Thirteen years. That’s how long we can trace back the Divinity series, starting with Divine Divinity. With the Enhanced Edition for Original Sin expected to arrive in October and Original Sin 2 doing anything but failing their Kickstarter, it felt prudent to write an article showing the long path Larian Studios has taken to reaching what many of us agree is one of the better RPGs we’ve played recently.
Divine Divinity drew significant inspiration from games such as Diablo and Ultima VII. The now-familiar top-down camera and mouse-heavy interaction formed the mainstay method not only for combat, but also for exploration through both the explorable areas as well as its lore. Cupboards with books are available all over the game and will prove to be a staple in the series. What did stand out with the game however was the expansive roleplaying that could be done. Ranging from vast conversation trees to non-combat skills such as lockpicking, interaction was key in the world of Divinity.
Beyond Divinity, a sequel set 20 years after the last game, changed things up. The roleplaying makes a return, but with a twist as you now have an inseparable companion to control and manage. A pause button aids you in managing your playable characters, as well as summons. Both the pause button and the companion system would later make a return in their own sequel.
The funny thing about Beyond Divinity was, while it plays similarly to it’s predecessor, it was actually meant to be turn-based. Project leader Swen Vincke admitted this in an IGN article, making it not much of a stretch to imagine that this was the reason it would eventually be implemented in the Original Sin series. But the game suffered from its own problems with crashes, bugs, and voice acting that didn’t please everyone. It seems this may have urged a more customizable approach to having a duo of playable characters in Original Sin.
Divinity II (subtitled Ego Draconis) changed things up from its predecessor. Gone is the top-down view, replaced with third-person roleplaying and combat. With a twist involving the ability to eventually be able to turn into a dragon for aerial combat. Both stages come with the option to pause the game at any moment and review your available skills, with a feature to automatically trigger at a certain health threshold. This would prove useful if you had more abilities than there was room in your skillbar for, or you wanted to quickly consume an item.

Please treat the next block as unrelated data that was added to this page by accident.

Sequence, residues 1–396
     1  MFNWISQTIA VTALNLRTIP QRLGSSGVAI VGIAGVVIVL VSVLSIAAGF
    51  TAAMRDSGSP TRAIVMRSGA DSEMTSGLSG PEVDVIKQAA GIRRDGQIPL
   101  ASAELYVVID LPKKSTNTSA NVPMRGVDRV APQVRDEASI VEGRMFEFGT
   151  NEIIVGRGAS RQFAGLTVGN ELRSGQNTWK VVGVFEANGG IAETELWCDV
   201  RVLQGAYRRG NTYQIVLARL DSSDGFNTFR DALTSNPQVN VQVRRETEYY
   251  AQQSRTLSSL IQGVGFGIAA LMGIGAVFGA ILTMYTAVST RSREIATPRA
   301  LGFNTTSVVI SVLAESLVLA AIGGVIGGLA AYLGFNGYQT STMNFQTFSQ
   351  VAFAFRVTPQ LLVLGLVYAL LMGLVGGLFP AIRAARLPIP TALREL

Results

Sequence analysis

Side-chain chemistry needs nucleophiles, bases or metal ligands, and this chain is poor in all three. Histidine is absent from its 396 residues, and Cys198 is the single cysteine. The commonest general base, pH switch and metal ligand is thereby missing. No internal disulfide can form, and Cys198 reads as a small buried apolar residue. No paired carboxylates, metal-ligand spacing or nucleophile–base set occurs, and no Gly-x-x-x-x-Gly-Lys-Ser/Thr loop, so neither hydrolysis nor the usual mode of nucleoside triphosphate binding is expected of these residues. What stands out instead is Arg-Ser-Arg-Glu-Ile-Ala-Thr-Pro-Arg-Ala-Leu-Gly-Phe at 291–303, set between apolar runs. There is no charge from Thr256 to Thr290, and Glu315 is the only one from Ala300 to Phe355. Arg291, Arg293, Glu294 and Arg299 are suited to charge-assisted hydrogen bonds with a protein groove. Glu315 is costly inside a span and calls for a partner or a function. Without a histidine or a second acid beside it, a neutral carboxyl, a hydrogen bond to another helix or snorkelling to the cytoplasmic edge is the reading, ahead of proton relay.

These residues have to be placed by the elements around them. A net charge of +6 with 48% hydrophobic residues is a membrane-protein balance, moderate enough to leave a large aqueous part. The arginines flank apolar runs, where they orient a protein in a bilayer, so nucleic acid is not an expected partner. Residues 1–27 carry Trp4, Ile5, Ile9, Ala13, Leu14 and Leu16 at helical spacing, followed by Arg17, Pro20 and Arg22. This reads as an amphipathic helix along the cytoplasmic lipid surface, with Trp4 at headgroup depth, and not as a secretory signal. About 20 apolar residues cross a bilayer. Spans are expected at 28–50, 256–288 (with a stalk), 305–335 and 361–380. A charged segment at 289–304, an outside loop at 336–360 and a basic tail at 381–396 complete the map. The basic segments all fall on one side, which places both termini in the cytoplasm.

I recently finished this game and felt quite wowed. There is a constant build up of new things to do or new capabilities. It begins with learning the basic combat, expanding into the skill trees and more impressive gear. As you slowly turn into a full fledged Dragon Knight, the raised jump speed gives you access to areas you couldn’t reach before or with unprecedented ease. And when you gain the ability to turn into a Dragon, you’ll explore familiar areas in whole new ways. Which makes it only more sad when the story suddenly comes at a dead stop with an unsatisfying end.
This unsatisfying end, together with a myriad of bugs on launch, urged Larian Studios to mend this by creating an expansion named Flames of Vengeance. Raised skill caps along with a chance for revenge and a familiar city vastly expanded meant for an interesting and far more rewarding end to the game. The expansion focused more on the RPG elements, improving the quest design and keeping the dragon combat more on the backburner.
Later on, the studio created a combination of the expansion and the game under a bundle titled the Dragon Knight Saga, including some more bug fixes. The final version of the game and its expansion would be known as Divinity 2: Developers Cut. Aside for some final fixes, the game would now also come with an option to access the console. Even going so far as to include a comprehensible UI for the console, just to make experimentation even easier. But the story was far from over, and it would seem Larian Studios had some prequels in mind to further build their already vast Divinity universe.
However, at this point, Larian Studios was experiencing trouble to fulfill their vision of how the Divinity series should go. Revealed in Swen Vincke’s blog, Marketing wanted to play safe and have their games made in genres that had proven to be reliable sellers, away from experimentation. He however wanted to realize his studios’ vision, a direction that Marketing showed little interest in. After he had a talk with an unnamed executive producer “that had worked on some top titles,” he realized that self-publishing wasn’t as unworldly of an idea. If funding could be managed, it wouldn’t require a lot of people. And so, Larian Studios went independent and waged their future on their two titles, Divinity: Dragon Commander and Divinity: Original Sin.